In the ewe-buchts milkin' her ewes, her ewes,
In the ewe-buchts milkin' her ewes.

The lassie sang ower a‘ the hills,
And sae street a voice had she.
She caught the ear o' a gentleman
As he cam‘ ridin' by.

He's ta‘en his leave o' a' his men,
And doon to the bucht rode he,
Said, “Misty, misty is the nicht,
Will ye show us the way?”

“0, ye hae plenty o' men,” she said,
“That work for meat and fee.
I dinna think that I'd be safe
To guide ye on the way, the way.

“For I ken ye by the cla'es ye wear,
And by your blinkin' e'e,
That ye are the laird o‘ Lochnagar
And so ye seem to be.”

“I'm no‘ the laird o' Lochnagar,
I never expect to be,
For I am but ane o' his best men,
I ride in his company.

“But I ken ye by your middle sma',
And by your grass-green sleeve,
That ye are the lass o' the Cowdenknowes,
And so ye seem to be.”

“It's I'm no‘ the lass o‘ the Cowdenknowes,
It's no‘ her that ye see,
For I am but ane o' her faither's maids,
And aye will ever be.”

He's catched her by the lily hand,
Below the grass—green sleeve,
And laid her on the mossy bank,
And speired na' for her leave.

Then he's ta'en oot a hantle o‘ gowd,
And kaimed her yellow hair,
Says, “Here's your fee, ye weel-faur'd maid,
Frae me ye'll no‘ get mair.”

He's lowped on to his milk-white steed,
And he's o'erta'en his men,
And ane an‘ a' cried oot to him,
“0, master, ye've tarried lang.”

“I hae been East, I hae been West.
And I've been among the knowes,
But the bonniest lass that ever I saw,
She was milking her daddy's ewes.”

She set the milk pail on her heid,
And she's gane liltin' hame,
And syne her faither said to her,
“It's ye hae tarried lang.”

“O, wae be to your shepherd man,
And some ill death may be dee,
He's biggit the ewe-buchts so far awa'
And they've trysted a man to me.”

When fifteen weeks was come and gane,
Sae pale and sae wan grew she,
She began to sigh and long for sicht
O' his bonnie, blinkin' e'e.

It fell on a day, a bonnie simmer day,
She was ca'in' oot her faither's kye,
There cam‘ a troop o' gentlemen,
And they were ridin' by.

He's ta'en the leave o' a‘ his men,
And doon to the lass gaed he;
Says, “Wha's the faither o' that baim,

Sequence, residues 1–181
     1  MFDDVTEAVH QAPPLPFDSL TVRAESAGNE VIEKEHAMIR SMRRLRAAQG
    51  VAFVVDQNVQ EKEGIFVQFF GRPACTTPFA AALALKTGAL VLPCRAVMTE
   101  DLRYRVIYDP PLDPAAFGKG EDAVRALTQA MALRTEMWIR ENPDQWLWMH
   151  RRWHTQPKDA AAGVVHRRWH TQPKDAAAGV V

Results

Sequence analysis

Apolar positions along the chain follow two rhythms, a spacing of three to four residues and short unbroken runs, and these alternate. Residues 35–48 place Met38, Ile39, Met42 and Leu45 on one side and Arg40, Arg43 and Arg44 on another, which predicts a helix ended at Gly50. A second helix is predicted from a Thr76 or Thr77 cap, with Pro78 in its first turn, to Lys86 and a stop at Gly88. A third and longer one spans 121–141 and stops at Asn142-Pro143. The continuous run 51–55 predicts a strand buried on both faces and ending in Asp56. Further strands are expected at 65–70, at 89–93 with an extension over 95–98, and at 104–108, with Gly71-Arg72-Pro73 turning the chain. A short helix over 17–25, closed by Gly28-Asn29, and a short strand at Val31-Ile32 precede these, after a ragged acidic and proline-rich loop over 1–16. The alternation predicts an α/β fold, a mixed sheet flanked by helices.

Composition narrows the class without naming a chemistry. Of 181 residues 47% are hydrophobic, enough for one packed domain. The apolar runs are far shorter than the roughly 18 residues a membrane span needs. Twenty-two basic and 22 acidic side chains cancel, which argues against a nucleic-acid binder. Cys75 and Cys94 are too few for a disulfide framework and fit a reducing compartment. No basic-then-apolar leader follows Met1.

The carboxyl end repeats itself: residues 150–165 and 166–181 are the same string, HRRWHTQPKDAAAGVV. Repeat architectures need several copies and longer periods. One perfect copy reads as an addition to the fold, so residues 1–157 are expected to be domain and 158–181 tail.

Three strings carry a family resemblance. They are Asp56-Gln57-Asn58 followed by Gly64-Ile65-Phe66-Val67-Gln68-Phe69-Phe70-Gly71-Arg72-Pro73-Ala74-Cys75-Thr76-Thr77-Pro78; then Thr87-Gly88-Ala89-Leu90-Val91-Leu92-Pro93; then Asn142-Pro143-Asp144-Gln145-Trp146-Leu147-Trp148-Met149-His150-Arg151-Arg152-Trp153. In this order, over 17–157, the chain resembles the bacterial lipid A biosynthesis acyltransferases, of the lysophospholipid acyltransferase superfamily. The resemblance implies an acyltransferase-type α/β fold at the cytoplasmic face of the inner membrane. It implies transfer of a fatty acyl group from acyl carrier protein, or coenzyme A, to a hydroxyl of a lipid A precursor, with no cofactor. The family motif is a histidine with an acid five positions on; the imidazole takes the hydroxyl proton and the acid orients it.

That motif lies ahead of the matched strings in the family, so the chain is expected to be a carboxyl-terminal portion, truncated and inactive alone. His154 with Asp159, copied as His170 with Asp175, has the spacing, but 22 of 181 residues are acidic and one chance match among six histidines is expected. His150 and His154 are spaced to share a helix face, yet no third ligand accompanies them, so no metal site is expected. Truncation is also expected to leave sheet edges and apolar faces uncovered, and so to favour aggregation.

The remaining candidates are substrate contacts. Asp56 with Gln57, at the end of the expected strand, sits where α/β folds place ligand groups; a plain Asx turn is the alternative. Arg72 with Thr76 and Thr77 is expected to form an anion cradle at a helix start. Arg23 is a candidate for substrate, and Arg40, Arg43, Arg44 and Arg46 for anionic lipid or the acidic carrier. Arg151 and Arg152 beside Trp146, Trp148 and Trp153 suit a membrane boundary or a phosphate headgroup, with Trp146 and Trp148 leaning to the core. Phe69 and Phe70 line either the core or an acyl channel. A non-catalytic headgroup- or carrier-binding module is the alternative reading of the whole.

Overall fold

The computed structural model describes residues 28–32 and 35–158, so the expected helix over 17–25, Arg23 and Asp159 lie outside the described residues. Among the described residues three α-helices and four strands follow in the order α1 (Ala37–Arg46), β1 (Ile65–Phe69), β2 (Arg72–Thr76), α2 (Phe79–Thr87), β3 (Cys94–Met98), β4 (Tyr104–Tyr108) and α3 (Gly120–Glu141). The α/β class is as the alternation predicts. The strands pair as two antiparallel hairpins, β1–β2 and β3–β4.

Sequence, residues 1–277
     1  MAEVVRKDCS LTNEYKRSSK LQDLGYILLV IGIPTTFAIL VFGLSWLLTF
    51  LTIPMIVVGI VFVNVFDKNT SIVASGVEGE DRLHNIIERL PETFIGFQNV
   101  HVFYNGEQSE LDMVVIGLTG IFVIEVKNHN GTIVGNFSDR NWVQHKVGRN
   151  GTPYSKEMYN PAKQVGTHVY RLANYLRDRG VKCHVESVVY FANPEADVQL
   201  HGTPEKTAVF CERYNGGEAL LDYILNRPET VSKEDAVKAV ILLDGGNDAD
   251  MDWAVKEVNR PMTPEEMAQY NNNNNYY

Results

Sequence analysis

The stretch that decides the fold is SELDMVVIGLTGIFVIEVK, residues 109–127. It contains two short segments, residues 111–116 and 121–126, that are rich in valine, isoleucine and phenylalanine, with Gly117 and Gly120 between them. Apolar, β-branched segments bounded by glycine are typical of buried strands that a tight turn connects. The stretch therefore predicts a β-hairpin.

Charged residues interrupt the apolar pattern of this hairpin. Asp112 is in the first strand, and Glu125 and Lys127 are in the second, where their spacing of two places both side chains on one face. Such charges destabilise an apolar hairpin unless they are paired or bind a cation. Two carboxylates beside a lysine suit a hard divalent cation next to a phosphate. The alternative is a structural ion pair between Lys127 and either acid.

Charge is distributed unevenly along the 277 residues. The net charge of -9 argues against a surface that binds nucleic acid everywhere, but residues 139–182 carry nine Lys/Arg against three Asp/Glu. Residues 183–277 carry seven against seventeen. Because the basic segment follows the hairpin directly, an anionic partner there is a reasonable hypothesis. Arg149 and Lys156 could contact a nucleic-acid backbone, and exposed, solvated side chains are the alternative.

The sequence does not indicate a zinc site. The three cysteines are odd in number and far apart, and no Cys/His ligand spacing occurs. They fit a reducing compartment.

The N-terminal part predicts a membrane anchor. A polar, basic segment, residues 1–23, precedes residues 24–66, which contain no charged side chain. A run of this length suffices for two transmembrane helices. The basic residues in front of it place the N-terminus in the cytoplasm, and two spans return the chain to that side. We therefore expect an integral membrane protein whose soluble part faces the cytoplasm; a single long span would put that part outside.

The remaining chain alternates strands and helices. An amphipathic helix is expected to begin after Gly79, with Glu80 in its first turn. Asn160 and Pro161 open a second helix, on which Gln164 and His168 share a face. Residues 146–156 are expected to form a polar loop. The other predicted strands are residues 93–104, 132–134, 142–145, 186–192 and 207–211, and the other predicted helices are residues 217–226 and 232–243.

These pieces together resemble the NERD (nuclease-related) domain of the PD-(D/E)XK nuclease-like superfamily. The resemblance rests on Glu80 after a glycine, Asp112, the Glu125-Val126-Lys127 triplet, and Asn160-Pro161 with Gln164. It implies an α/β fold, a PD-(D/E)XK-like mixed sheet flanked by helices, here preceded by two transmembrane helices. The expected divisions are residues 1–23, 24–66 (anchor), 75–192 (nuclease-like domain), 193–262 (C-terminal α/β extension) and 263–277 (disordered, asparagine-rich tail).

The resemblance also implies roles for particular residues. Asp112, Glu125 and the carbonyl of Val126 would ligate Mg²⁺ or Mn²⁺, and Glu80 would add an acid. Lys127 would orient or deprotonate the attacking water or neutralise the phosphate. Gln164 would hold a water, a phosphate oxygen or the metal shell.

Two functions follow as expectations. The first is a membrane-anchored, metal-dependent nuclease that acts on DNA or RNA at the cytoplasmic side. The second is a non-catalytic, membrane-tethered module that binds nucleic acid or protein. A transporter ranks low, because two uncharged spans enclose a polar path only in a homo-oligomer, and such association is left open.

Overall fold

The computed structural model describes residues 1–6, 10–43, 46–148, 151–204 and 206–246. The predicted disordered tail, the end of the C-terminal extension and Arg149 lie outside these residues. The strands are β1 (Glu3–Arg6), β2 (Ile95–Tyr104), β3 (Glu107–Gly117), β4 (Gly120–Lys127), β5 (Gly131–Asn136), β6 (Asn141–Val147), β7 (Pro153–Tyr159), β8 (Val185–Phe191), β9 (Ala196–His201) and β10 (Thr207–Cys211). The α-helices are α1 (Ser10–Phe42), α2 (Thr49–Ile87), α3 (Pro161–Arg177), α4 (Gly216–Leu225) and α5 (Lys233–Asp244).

The bairn that gangs wi' ye?”

She's turned awa' and hung her heid,
For she thocht muckle shame,
But ne'er a word could the bonnie lass say
But “The hairn's faither's at hame.”

Ye lee, ye lee, ye bonnie lass,
Sae loud's I hear ye lee:
For dinna ye mind that misty night
Ye were in the ewe-buchts wi' me?”

Then he's ca'd ane o' his best men,
To come and set her on,
“Ye may ca’ your kye yoursel', goodman.
But she'll never ca‘ them again.

“I am the laird o' Lochnagar,
I've thirty ploughs and three,
And I hae chose the bonniest lads,
In a‘ the North countrie.”

The Watersons sing The Broom of Cowdenknowes

Oh the broom, the bonnie, bonnie broom
The broom of Cowdenknowes
Fain would I be in the north country
To milk my daddy's ewes

All the maids that ever were deceived
Bear part of these my woes
For once I was a bonny lass
When I milked my daddy's ewes

Oh the broom, the bonnie, bonnie broom
The broom of Cowdenknowes
Fain would I be in the north country
To milk my daddy's ewes

The Wassailers sing The Bonny Briar

Oh the briar, the bonny, bonny briar,
The briar that smells so sweet,
Fain would I be in my ain country
To milk my daddy's neat.

Of all the maids that ever were deceived
Bear part but ease my woe,
For once I was a bonny lass
As I milked my daddy's ewes.

My shepherd love he came to me
When daddy was at home,
With honeyed breath and words so sweet
He caused my sense to roam.

In Danby Forest I was born
My beauty none could excel,
My parents dearly lovèd me
Till my waist began to swell.

And when my belly began to swell
No longer might I bide,
My mother threw me out of doors
And she beat me, back and side.

I might have been a prince's peer
When I first came o'er the knowes